Wind power

Published February 28, 2023

STARTING in the next few days, the increase in the evacuation of wind power from 36 projects in Jhimpir and Gharo in Sindh, after nearly four months, should help somewhat reduce the overall average generation cost next month. Nonetheless, transmission constraints in evacuating electricity from the southern region — Sindh and Balochistan — to the northern areas — Punjab and beyond — mean that the wind power projects will still not be able to despatch more than 75pc of their installed capacity of 1,835 MW to the national grid in the immediate term. The share of wind power in national despatches has thus remained nominal since November, because the transmission lines that evacuate electricity from these projects are currently ‘choked’ thanks to the preference given to coal and nuclear power due to their lower tariff rates. This is so despite the stipulation in the Policy for Development of Renewable Energy for Power Generation, 2006, that the sole state-backed buyer of electricity would evacuate the entire production of wind-power projects. Consequently, the share of wind power in the national energy mix in December was recorded by Nepra at 2.5pc, against its share of 4.5pc in the installed generation capacity.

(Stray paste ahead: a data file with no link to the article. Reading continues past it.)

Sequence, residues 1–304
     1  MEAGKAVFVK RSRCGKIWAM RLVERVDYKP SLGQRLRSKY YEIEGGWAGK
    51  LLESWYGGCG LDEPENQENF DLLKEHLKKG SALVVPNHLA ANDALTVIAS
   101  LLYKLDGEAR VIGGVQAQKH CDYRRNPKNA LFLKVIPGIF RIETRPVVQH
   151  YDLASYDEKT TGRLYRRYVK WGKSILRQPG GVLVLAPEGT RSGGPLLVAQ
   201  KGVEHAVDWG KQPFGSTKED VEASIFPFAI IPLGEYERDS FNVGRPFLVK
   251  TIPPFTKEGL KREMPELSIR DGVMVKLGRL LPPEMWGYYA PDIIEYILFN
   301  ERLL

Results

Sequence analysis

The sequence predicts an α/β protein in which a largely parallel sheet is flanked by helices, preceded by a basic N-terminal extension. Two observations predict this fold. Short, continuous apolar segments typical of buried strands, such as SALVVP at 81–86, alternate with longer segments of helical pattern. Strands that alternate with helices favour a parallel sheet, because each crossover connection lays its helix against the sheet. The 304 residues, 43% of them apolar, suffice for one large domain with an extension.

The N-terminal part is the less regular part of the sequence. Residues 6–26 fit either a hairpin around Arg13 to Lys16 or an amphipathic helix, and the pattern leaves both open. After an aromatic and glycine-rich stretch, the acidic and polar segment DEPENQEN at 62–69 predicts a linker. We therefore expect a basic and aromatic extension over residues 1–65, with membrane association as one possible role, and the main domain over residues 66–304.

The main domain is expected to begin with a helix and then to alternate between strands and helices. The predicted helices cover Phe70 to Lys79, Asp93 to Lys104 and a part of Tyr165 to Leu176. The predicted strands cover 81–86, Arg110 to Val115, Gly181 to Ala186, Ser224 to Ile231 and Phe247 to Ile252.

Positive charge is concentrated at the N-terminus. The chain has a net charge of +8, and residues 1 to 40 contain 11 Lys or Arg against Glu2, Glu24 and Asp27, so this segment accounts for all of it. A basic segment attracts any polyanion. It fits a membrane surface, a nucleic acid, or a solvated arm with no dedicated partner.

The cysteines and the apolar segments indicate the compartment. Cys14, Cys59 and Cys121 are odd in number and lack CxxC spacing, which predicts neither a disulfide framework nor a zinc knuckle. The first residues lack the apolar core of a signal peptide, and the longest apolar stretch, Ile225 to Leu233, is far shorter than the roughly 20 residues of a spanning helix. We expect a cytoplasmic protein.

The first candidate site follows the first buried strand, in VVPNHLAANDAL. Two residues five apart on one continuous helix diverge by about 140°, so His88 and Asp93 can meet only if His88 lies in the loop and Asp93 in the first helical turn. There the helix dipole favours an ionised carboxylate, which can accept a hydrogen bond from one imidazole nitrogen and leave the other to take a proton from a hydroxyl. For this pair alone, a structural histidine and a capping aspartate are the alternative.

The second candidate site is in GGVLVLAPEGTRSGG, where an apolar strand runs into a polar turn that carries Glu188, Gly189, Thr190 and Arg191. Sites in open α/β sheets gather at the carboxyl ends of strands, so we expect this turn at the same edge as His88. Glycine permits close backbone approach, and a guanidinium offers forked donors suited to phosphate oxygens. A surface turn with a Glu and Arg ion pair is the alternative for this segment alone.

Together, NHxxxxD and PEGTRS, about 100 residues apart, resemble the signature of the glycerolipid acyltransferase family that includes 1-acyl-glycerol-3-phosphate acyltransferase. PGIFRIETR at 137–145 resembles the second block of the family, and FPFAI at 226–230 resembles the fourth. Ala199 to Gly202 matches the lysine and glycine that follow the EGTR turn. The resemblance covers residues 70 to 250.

Pakistan has tremendous potential to generate solar and wind power, according to a World Bank study. For example, the utilisation of just 0.071pc of the country’s area for solar power generation would meet our current electricity demand. Likewise, wind is also an abundant resource. Pakistan has several well-known wind corridors. Yet the share of solar and wind power in its energy mix remains far below potential, in spite of the multiple benefits the economy could accrue. Instead, lower-than-required investment in renewable wind and solar power, due to policy inconsistencies and policymakers’ bias towards fossil fuels, means that the incremental energy demand in the last two decades has mostly been met with expensive imports. No wonder the share of imported fuels in the energy mix has swelled from 29pc in 2006 to 49pc in 2021, making electricity unaffordable for residential and industrial consumers, and leading to the accumulation of an unsustainable, massive power sector debt of close to Rs3tr. The elimination of imported fuels from the national energy mix is not possible immediately. But investment in solar, wind and other renewable energy sources can help us achieve energy security and make power affordable for consumers.

Published in Dawn, February 28th, 2023

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